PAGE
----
The name Misdreavus sounds similar to the word mischievous, and this is the description that best describes him/her, based on the PokeDex entries. He/she takes pleasure in frightening people and screaming just for the sake of it. What’s even stranger is that his/her “necklace” is the place where he/she absorbs the energy of fright. Yes, that means he/she can learn Power Gem, but despite being the shreiker, he/she cannot learn Hyper Voice.
Misdreavus is a relatively weak Ghost, who was only a bit more defensive than Gengar, but one of the things that he/she can do is to use Perish Song and trap the opponent with Mean Look, effectively giving them the timer while leaving the Ghost unharmed, since he/she can switch out when the time comes. One of his/her main uses at this point from Generation 2 was that he/she was the only Pokemon to learn Pain Split, which meant that he/she is useful for giving this move to some other Pokemon like Koffing and Duskull, as this is one of the nicest recovery moves that can potentially hurt the opponent, and the fact that they have a relatively low HP helps too. The 3rd Generation didn’t give him/her anything special, except the ability Levitate, which is always welcomed. The 4th Generation finally bestowed him/her with an evolution, but he/she will be discussed in the future. That would mean that he/she is eligible for the Little Cup, meaning that he/she can finally be useful, and while there, he/she was too useful that players wanted a ban on her, because his/her stats were quite high for that environment, not to mention having Shadow Sneak to make sure that weaker opponents will be defeated and he/she isn’t easily picked off, as he/she was one of the faster Pokemon there.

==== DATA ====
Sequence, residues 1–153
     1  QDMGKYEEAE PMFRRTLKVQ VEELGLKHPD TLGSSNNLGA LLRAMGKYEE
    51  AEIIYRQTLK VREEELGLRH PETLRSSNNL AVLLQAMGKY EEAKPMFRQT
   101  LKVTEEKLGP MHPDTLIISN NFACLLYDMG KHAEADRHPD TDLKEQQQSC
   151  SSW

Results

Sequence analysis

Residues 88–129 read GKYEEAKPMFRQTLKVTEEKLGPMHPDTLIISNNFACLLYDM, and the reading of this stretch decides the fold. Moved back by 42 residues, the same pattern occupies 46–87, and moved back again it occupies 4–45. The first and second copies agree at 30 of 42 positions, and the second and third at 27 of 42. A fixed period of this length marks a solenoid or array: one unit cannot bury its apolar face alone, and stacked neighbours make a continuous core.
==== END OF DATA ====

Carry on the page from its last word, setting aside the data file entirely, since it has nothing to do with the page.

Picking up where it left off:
Misdreavus is actually alright, because he/she looks really feminine, yet his/her gender is not biased to the female side. He/she is probably the precedent of Gardevoir, who is also not gender-biased, yet looks feminine him/herself. They’re interestingly in the Indeterminate Egg Group, so they can breed, and I think through this some would have some “sexual” thoughts…

6 wisps out of 10!



As a bonus, I go the extra mile to take a look at the literal ghosts found in Lavender Town I was talking about earlier, as well as Marowak’s ghost.

Literal Ghost
Ghost in RBG

The literal ghosts were quite a fright (it rhymes!) when meeting them, as they do not even look like a Pokemon. It was also fittingly scary thanks to the atmosphere in the Pokemon Tower, with the music of the place and the lack of colour at that time. However, in FireRed and LeafGreen, they were much less scary (at least to me), because there were colours, and the literal ghosts were not so scary, probably because it is rather discernable as a messed-up Gastly. Still, it does give people nightmares till this day.
In the older versions of Pokemon, if the player somehow get to capture these literal ghosts, that will cause the game to be messed up, which no doubt adds to the horror of these ghosts, and not to mention not being able to perform normal actions (Pokemon attacks, catching the ghosts) itself is also partially scary, because they are literally helpless to deal with.

9 wisps out of 10!
(Point taken for being less creepy in the remake)


Marowak’s spirit
(Looks like an ordinary Marowak, no?)

The Marowak ghost encountered at the near-top of the tower at least looked like a normal Marowak, but unlike the Gastlies and Haunters met earlier, she cannot be captured. Also, despite being called a “ghost”, none of the type immunities and weaknesses apply to her. This ghost does have an interesting backstory, on how her spirit wouldn’t “move on” until defeated, and Team Rocket’s vile actions on her on their pursuit to riches.
The Marowak story was also a touch sad, so that’s a good job there too.

8 wisps out of 10!



There you have it: the Ghosts of Generation 1 and 2. With that, stay tuned for the Ghosts of Generation 3! Feedback will be welcomed, and I hope you enjoyed reading this as much as I had writing them.

Thanks for reading.

Bookmark and Share